Create Image File

  • First we need to create an Arch Image to do things with. This can be done an any *nix box.
# truncate -s 1G arch.img

Convert Image To A Partition

  • Convert image to a ext4 filesystem.
# mkfs.ext4 -m 1 arch.img
  • Mount image to install to
# mkdir /mnt/arch_install
# mount arch.img /mnt/arch_install

Install Arch onto this new image

At this point, run through the Installation Guide as you normally would. I strongly recommend doing this from a system with the Arch install scripts package installed; while this is a doable process with misc. *nix systems (many of such processes are well documented here on the Wiki), it's going to be much smoother with the install scripts.

For example,

# pacstrap /mnt/arch_install base base-devel --arch i686
Note: The `--arch i686` part is important if you're on an x86_64 system. As ChrUbuntu does not support 64 bit with the C7 currently. If you want to boot x86_64, you will need to install a different kernel detailed later.

When setting up fstab, you'll need to mount "/dev/sda7" at "/". UUIDs aren't really an option here as data is about to get sorted all over the place.

Copy Arch Image To C7

Here's where things start to become a mess. By now you should have a ready-to-go Ubuntu install that you did not reboot into yet (meaning you're back at the bash shell in ChromeOS), and a ready-to-go Arch install on the arch.img file. You'll need to find a way to get this arch.img file to the Chromebook - be it a USB HDD, uploading it somewhere, SSHFS, whatever, make it happen.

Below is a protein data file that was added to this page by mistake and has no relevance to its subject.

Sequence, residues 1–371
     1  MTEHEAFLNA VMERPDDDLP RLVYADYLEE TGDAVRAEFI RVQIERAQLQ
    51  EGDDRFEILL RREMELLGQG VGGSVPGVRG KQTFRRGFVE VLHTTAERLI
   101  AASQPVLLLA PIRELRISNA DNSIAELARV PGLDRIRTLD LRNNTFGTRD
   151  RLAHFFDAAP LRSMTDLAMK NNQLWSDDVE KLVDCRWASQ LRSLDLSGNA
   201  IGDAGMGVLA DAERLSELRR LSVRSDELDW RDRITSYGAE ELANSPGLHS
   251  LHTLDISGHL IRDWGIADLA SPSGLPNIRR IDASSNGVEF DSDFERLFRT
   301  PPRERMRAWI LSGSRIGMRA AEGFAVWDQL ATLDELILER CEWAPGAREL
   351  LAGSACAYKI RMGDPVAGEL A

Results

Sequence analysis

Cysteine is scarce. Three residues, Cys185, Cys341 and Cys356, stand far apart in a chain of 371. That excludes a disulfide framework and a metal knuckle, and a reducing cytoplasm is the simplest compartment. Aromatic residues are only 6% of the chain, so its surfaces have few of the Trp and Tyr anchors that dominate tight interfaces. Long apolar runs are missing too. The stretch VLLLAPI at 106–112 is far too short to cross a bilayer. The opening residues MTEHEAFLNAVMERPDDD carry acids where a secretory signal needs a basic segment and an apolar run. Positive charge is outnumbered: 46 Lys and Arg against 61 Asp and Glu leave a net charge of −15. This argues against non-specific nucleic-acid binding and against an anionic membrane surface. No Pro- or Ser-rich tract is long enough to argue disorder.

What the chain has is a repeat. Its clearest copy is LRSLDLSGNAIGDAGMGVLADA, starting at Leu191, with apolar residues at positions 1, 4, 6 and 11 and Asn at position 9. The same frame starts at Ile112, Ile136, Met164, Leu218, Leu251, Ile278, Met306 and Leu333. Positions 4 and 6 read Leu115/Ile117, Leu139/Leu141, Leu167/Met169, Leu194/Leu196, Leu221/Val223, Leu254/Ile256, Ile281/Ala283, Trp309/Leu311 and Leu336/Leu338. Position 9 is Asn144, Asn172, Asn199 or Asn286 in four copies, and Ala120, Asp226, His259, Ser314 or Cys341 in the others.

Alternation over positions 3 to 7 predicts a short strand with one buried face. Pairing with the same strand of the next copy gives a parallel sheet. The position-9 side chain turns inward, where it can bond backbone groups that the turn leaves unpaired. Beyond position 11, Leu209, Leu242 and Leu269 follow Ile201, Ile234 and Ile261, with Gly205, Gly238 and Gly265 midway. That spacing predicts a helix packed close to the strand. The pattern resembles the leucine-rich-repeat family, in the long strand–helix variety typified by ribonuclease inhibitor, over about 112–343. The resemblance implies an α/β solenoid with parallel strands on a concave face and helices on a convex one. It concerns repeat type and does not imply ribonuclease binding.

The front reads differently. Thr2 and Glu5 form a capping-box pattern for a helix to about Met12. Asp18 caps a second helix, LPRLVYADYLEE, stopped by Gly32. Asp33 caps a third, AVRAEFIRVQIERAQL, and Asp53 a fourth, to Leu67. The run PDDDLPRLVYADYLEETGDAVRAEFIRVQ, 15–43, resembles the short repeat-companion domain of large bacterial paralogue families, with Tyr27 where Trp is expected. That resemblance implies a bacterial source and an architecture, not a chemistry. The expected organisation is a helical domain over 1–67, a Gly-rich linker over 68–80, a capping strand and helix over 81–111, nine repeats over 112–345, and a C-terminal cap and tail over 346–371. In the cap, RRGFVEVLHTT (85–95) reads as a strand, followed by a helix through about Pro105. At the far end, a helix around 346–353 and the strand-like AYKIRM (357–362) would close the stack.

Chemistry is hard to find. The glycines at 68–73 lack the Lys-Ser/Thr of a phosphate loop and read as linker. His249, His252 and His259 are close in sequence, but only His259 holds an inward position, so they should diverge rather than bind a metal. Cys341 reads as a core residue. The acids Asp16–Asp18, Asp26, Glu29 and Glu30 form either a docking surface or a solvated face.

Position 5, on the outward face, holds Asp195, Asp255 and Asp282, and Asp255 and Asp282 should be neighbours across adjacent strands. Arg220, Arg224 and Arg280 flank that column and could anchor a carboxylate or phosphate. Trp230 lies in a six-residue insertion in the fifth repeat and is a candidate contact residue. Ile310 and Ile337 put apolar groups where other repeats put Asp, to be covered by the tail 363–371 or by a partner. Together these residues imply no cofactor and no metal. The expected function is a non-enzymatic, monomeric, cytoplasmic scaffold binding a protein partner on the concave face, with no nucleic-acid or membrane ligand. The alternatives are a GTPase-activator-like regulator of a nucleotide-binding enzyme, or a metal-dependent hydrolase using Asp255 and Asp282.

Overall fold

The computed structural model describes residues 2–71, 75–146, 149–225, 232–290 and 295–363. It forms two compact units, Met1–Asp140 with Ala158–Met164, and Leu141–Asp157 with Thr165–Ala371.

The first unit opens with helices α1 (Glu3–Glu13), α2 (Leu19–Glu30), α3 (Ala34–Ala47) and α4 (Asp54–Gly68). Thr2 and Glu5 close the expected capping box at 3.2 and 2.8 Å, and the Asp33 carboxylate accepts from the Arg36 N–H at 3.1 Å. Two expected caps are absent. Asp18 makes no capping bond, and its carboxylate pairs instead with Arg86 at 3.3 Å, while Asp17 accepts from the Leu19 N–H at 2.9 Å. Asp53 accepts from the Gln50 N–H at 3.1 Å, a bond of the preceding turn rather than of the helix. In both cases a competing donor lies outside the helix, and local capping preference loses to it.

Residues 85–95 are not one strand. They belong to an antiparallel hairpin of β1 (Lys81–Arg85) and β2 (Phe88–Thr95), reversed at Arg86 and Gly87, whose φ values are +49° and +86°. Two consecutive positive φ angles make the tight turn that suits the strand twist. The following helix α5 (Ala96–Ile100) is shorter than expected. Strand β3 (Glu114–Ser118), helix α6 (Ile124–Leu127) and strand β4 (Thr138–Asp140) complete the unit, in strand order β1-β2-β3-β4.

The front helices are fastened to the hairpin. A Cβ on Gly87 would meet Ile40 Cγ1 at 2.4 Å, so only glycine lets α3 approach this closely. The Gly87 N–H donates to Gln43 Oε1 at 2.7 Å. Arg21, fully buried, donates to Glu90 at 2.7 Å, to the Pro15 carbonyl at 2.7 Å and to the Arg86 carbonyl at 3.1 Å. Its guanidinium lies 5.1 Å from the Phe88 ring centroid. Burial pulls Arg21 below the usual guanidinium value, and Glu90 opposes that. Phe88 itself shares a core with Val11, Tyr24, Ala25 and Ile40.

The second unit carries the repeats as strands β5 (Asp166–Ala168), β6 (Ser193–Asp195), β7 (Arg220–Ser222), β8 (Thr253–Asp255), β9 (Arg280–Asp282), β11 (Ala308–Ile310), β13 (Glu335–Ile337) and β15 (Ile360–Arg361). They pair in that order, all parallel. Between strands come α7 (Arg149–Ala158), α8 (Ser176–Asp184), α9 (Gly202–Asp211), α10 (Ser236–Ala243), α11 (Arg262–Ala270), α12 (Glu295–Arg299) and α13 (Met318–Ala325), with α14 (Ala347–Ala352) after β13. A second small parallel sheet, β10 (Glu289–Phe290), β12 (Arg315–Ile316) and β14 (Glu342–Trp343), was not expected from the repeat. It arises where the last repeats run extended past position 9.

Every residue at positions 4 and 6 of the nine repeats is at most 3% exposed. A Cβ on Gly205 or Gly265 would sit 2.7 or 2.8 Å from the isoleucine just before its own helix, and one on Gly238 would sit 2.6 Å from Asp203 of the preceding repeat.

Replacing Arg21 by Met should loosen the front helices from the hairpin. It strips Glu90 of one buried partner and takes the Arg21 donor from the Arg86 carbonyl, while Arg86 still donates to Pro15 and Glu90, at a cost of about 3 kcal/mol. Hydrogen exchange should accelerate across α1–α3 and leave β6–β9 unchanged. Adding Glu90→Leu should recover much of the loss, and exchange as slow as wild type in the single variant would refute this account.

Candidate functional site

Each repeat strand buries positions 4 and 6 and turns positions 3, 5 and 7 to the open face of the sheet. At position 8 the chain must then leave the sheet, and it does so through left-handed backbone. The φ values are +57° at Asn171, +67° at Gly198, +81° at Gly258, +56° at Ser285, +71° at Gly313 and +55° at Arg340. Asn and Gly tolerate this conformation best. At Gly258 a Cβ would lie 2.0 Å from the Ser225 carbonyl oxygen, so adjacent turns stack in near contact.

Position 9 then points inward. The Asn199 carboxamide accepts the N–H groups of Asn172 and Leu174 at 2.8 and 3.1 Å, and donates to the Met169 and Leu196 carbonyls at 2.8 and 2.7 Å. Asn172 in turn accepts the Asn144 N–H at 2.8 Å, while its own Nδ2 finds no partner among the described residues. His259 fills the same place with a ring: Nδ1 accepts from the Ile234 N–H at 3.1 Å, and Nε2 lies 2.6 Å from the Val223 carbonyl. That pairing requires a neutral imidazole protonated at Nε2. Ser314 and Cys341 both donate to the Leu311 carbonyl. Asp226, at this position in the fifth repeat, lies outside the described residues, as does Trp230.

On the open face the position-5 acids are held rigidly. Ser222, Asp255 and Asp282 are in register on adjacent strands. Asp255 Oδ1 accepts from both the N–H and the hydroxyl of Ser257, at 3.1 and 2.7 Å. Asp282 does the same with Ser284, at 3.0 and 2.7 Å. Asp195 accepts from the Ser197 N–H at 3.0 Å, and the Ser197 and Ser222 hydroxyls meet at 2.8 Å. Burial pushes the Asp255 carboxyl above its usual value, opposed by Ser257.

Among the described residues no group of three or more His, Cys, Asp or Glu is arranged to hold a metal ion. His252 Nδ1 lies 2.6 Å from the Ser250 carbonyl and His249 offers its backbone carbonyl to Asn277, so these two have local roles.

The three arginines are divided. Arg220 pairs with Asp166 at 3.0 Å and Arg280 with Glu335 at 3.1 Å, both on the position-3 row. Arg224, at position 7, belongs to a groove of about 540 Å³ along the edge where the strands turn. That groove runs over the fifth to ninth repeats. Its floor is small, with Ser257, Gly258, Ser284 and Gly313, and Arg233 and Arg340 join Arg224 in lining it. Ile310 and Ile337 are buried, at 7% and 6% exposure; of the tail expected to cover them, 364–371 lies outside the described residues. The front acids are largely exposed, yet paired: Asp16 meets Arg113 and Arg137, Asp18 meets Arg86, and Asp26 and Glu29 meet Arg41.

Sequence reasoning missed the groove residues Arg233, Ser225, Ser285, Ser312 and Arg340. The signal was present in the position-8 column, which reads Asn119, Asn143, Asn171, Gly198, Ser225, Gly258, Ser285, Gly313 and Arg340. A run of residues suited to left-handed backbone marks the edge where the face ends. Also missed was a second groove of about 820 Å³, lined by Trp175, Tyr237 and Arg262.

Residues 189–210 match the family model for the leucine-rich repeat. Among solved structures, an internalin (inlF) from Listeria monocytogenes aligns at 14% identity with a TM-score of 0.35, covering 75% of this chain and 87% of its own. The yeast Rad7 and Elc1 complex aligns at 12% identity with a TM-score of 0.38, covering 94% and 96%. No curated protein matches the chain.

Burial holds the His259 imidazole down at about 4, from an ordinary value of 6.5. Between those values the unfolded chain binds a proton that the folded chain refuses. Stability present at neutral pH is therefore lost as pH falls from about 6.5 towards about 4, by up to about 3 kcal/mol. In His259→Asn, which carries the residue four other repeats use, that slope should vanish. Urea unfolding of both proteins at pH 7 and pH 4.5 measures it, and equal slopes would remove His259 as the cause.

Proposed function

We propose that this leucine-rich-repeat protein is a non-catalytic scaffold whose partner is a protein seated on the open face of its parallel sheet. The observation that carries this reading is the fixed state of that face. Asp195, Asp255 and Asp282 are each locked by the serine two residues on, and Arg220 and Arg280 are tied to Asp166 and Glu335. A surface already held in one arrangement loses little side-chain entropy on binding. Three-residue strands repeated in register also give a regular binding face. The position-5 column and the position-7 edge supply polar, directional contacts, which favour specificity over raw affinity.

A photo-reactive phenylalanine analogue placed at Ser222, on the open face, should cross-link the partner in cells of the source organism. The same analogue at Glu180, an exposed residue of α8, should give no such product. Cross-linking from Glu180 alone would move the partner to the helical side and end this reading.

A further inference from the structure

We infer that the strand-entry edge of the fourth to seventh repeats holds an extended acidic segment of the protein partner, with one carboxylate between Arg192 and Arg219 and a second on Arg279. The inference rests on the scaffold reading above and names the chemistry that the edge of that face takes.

• Copy the Arch image to the Chromebook.
  • Run "mkdir mnt mnt2 mnt3 backup"
  • If your Arch image is on a USB key or drive, run "mount /dev/sdb1 mnt" (replacing /dev/sdb1 with the identifier of your USB drive according to ChromeOS). Then run "mount mnt/arch.img mnt2" (replacing arch.img with the name of your Arch image).
  • Otherwise, I'm assuming your Arch image was downloaded to the Chromebook somehow. So run "mount /path/to/arch.img mnt2"
  • Run "mount /dev/sda7 mnt3". This will mount Ubuntu's root at mnt3.
  • Run "cp -a mnt3/lib/{firmware,modules} backup/". This will copy all firmware and kernel modules, which we'll need to successfully boot Arch.
  • Run "cp -a mnt3/etc/modprobe.d/*.conf backup/". This will save all module configs.
  • Run "rm -rf mnt3/*"
Warning: Make 100% certain you typed "mnt3/*" and not some other mountpoint or you may toast your USB stick or Arch install.
  • Run "cp -a mnt2/* mnt3/". This will copy your Arch install off to what was Ubuntu's root directory.
  • Run "cp -a backup/*.conf mnt3/etc/modprobe.d/". This will restore module configs.
  • Run "cp -a backup/modules/* mnt3/lib/modules/". This will restore kernel modules.
  • Run "cp -a backup/firmware mnt3/lib/". This will restore kernel firmwares.
  • "umount" mnt3, mnt2, and mnt. In that order.
  • Reboot and enjoy your Arch install! Note that ChrUbuntu's installer only told cgpt to boot to the Linux partition one time, so if anything is hosed, a reboot will send you back to ChromeOS. If all went well and you are happy with everything, you can reboot to ChromeOS, drop to the Template:Keypress console, and run a `sudo cgpt add -i 6 -P 5 -S 1 /dev/sda` to make the Chromebook always boot Arch.

See also